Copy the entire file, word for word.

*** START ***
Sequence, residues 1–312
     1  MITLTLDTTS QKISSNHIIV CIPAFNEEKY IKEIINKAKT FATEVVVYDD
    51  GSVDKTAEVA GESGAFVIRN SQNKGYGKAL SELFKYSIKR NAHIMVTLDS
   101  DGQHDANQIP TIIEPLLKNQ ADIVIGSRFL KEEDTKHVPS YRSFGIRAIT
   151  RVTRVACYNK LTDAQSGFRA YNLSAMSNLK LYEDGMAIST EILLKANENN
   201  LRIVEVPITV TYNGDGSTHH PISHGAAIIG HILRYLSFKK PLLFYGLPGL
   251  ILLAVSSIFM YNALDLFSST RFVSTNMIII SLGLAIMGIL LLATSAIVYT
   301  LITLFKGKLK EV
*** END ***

Sequence, residues 1–312
     1  MITLTLDTTS QKISSNHIIV CIPAFNEEKY IKEIINKAKT FATEVVVYDD
    51  GSVDKTAEVA GESGAFVIRN SQNKGYGKAL SELFKYSIKR NAHIMVTLDS
   101  DGQHDANQIP TIIEPLLKNQ ADIVIGSRFL KEEDTKHVPS YRSFGIRAIT
   151  RVTRVACYNK LTDAQSGFRA YNLSAMSNLK LYEDGMAIST EILLKANENN
   201  LRIVEVPITV TYNGDGSTHH PISHGAAIIG HILRYLSFKK PLLFYGLPGL
   251  ILLAVSSIFM YNALDLFSST RFVSTNMIII SLGLAIMGIL LLATSAIVYT
   301  LITLFKGKLK EV